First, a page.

Originally Posted by poppawheelie
Alaska 2010 Post Note

Mobius Trippers

Of course, they did not ride these bikes across the country on Interstates, I think. They trucked them at leasty part of the way.
Actually, Poppa, your partially right, but mostly wrong. David and Francine did not ride the DRZs across the country on Interstates--they did it mostly on dirt. One bike started the trip in NYC, the other in TN. They trekked their way across the country 2 weeks at a time. Store the bikes, fly home, fly back to where they left off next time and trek 2 weeks more. Rinse and repeat. The only trucking was a brief leg in Alaska when they had a sprocket fail and had to haul bikes to Anchorage to repair.

BTW, love your pics--especially Lake Louise!
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Old 09-09-2010, 01:57 PM   #10
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Thanks for the great photo of us!

Pics of the two of us together are rare as hen's teeth.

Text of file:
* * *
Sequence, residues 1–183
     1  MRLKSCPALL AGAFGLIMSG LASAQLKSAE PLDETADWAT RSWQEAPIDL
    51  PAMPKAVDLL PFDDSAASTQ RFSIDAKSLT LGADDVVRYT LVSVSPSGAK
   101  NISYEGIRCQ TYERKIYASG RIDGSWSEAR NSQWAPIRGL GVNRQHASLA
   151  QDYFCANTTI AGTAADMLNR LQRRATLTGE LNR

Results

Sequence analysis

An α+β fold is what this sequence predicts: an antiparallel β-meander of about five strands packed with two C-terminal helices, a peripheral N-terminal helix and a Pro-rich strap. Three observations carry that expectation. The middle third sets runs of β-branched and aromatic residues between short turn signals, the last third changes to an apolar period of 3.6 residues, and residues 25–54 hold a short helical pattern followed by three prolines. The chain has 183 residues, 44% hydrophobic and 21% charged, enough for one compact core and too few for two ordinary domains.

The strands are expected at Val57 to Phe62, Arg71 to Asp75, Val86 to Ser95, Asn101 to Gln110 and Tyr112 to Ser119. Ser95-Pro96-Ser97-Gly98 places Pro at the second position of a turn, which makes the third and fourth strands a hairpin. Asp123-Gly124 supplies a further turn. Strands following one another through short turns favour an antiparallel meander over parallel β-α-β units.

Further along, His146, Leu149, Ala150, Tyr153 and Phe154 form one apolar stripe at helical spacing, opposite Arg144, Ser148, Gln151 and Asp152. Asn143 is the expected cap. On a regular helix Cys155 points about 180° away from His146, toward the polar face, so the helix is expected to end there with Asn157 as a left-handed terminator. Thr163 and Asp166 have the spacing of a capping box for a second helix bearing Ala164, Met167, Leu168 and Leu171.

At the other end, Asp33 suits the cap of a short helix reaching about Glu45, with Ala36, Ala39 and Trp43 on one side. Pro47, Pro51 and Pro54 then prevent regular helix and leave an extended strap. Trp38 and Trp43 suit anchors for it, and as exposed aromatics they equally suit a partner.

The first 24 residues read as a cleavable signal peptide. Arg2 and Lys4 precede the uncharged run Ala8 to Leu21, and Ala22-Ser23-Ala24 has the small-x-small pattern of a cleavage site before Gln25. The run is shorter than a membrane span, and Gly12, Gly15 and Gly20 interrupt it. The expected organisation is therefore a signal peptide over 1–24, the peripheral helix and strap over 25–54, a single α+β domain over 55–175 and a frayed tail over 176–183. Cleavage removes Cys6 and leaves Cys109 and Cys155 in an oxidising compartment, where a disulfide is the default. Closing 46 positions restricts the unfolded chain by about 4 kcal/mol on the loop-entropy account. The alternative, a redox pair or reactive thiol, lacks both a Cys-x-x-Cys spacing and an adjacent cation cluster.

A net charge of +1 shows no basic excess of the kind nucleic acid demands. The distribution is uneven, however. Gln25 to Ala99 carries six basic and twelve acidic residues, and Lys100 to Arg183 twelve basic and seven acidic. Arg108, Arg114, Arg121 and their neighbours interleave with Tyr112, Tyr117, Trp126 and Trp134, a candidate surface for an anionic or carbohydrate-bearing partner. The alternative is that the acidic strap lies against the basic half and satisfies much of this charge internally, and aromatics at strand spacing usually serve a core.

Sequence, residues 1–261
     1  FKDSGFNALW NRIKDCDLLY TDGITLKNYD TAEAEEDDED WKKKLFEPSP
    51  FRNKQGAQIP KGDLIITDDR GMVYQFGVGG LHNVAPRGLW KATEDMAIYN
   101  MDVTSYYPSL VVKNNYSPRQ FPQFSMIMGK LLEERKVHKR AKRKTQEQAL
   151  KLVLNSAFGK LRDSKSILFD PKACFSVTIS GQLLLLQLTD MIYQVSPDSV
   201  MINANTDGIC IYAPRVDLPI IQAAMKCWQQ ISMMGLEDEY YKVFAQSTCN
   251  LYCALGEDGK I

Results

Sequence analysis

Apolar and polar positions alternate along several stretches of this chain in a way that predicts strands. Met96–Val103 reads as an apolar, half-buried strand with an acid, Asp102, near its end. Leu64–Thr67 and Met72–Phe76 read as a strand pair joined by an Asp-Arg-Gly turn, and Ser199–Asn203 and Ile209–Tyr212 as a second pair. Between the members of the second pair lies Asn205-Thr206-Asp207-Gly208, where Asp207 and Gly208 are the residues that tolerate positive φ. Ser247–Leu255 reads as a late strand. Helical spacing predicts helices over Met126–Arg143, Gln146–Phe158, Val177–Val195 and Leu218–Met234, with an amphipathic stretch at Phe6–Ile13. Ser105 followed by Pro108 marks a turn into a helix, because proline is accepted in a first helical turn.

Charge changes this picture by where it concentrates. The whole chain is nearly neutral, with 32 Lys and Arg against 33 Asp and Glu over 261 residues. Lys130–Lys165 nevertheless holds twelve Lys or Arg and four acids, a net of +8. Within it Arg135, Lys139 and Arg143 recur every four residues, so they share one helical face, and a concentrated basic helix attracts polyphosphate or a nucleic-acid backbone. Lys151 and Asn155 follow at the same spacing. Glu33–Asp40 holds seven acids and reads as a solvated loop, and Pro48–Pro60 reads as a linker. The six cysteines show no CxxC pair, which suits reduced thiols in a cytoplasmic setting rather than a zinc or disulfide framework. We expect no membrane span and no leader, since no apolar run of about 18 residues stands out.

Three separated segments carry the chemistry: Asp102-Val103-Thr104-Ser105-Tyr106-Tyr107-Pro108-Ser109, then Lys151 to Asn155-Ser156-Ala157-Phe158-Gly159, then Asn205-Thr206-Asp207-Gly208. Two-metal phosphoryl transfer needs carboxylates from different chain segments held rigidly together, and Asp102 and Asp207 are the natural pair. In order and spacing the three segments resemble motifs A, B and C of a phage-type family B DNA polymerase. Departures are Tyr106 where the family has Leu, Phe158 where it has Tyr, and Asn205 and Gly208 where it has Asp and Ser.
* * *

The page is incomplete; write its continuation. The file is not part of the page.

Quote:
Originally Posted by poppawheelie
I met one couple- from Manhattan by the way- on the Dempster Hwy who were undaunted by the conditions, because they were on the perfect bike for really rough off road, the Suzuki DRZ 400. I know, because I've had two of these bikes. ...

Of course, they did not ride these bikes across the country on Interstates, I think....
~Poppawheelie~
Hey! Glad to see you made it back. RIGHT-O! Your description of the misery you experienced on the Dempster was interesting to read. Comparing notes, its like we weren't even on the same road -- fascinating . You'll get to see what our experience was once I get to that installment of our RR in a few days, but in short, we had a bit of everything, rain, wind, sun, mud, etc.

Through the all of it, the DRZ's, lightly loaded and with full on knobbies (Mefo stonemasters), performed perfectly -- I'd say in the worst of the conditions (which were nowhere near as bad as some other stuff we've tackled on Mobius trips) we were forced to back off the throttle maybe only 10% of how hard we were riding in the best conditions. The whole run up and down the Dempster was 99% in 5th (top) gear, mostly slowing down to take in views. We were having a blast, even in the sideways rain that puked on us just past the MacKenzie ferry.